Dental Caries, commonly referred to as tooth decay or cavities, is one of the most common health problems worldwide, especially in the developed world.
In the 2016 Global Burden of Disease Study, caries of the permanent teeth was the most prevalent of all conditions assessed.
An estimated 2.4 billion people have caries in their permanent teeth and, around 480 million children have caries in their milk teeth.
What is tooth decay?
Dental caries is the breakdown of the hard tissues of your tooth (enamel, dentin, and cementum) resulting in the formation of small pits/cavities. If left untreated, these cavities get larger and reach the tooth’s pulp, the center of the tooth that contains nerves.
Types of dental caries
Dental caries can be classified according to location, etiology, severity, rate of progression, and affected hard tissues. Classification by severity is as follows:
- Incipient: Lesion that extends less than halfway through the enamel
- Moderate: Lesion that extends more than halfway through enamel but does not reach the dentin-enamel junction (DEJ)
- Advanced: Lesion that extends to or through the DEJ but does not extend more than half the distance to the pulp
- Severe: Lesion that extends through the enamel, through the dentin, and more than half the distance to the pulp
Dental caries is caused by bacteria in the mouth. These bacteria combine with saliva, bits of food, and other natural substances to form a sticky deposit on teeth called plaque.
The bacteria in the plaque turns sugars in the foods we eat into acids. The acids dissolve calcium and phosphate in the enamel, causing holes called cavities.
Dental caries is most likely to occur in parts of the teeth where plaque forms most easily. These include:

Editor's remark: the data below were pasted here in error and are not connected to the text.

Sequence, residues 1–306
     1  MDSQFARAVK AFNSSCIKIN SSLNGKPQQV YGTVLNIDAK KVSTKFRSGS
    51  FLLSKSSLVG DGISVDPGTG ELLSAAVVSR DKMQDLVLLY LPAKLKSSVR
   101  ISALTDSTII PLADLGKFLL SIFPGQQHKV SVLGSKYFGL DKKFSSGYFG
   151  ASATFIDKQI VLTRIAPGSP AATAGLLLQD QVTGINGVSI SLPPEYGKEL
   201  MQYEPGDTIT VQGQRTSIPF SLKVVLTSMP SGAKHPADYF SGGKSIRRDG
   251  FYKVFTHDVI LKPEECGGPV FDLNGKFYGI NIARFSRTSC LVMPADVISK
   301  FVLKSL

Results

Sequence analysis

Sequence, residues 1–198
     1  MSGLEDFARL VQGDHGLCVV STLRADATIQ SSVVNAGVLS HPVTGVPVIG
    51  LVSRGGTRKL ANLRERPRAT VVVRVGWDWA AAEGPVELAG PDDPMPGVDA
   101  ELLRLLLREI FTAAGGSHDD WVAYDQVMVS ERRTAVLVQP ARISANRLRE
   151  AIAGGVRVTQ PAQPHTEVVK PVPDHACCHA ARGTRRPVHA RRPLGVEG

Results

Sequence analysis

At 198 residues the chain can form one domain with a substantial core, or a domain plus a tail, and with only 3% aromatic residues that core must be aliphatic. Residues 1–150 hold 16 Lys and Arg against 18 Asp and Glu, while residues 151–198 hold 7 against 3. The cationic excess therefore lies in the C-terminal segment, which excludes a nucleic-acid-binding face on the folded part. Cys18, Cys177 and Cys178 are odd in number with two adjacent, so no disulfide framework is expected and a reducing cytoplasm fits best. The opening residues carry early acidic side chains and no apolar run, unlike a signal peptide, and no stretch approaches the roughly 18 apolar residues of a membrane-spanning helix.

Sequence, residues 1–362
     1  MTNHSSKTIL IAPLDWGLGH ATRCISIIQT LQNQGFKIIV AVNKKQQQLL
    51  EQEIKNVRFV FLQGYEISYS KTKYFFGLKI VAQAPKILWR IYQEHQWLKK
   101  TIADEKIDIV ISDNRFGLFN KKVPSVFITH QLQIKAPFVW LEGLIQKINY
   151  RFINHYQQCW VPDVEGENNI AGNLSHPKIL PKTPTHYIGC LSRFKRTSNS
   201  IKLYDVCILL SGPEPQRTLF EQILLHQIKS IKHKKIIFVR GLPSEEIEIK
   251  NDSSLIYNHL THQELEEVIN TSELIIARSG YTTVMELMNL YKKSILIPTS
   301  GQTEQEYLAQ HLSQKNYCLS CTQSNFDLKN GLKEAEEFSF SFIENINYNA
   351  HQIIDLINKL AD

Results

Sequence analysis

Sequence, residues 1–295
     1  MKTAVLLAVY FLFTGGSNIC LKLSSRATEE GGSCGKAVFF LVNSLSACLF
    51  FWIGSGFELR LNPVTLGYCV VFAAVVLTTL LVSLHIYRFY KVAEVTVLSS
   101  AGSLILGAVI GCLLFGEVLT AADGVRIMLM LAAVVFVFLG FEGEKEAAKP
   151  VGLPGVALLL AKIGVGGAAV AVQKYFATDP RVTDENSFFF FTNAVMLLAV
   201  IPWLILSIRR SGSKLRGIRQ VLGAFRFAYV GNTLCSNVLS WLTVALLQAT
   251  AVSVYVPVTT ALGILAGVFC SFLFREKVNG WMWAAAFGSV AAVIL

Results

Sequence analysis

- Cracks or pits in the tops of teeth
- Areas between the teeth
- Near the gum line
Symptoms: how to identify dental caries
The signs and symptoms of carries depend on their extent and location. Early caries may not have any symptoms at all.
But as the decay spreads, signs and symptoms may include toothache; tooth sensitivity to sweet, hot or cold foods or drinks; visible pits in your teeth; and pain when biting down.
How is dental caries treated?
There are four main ways dental professional treat caries:
- Dental fillings: A dentist uses a drill to remove the decayed area then prepares the space and fills it with an appropriate dental filling material.
- Dental crowns: A tooth-shaped cap which completely covers a tooth to restore its function and appearance.
- Root canal treatment: An endodontist removes the pulp within the tooth, prepares the root canals, and packs the space with a filling.
- Dental extraction: The removal of a tooth from its dental alveoli (socket) in the alveolar bone to prevent caries from spreading to the jawbone.
How to prevent dental caries
With a good oral and dental hygiene regimen, dental caries is largely preventable. A dentist may recommend:
- Brushing your teeth at least twice a day using fluoride toothpaste.
- Flossing once or twice a day.
- Using a mouth rinse with fluoride.
- Regular dental visits.
- Consider dental sealants, plastic coatings generally placed on the surface of back teeth.
- Reduce frequent consumption of sugars and eat tooth-healthy foods such as fresh fruits and vegetables.
- Mayo Clinic staff. (2017). Cavities/tooth decay. mayoclinic.org/diseases-conditions/cavities/symptoms-causes/syc-20352892
- Oralb (n.d). What are Dental Caries? oralb.com/en-us/oral-health/conditions/cavities-tooth-decay/what-are-dental-caries
- Classifications of dental caries for the national dental hygiene boards (2016) dentistryiq.com/dental-hygiene/student-hygiene/article/16352162/mustknow-classifications-of-dental-caries-for-the-national-dental-hygiene-boards
- Oral health conditions. (2016). cdc.gov/oralhealth/conditions/index.html
- Sugars and dental caries (n.d) who.int/oral_health/publications/sugars-dental-caries-keyfacts/en/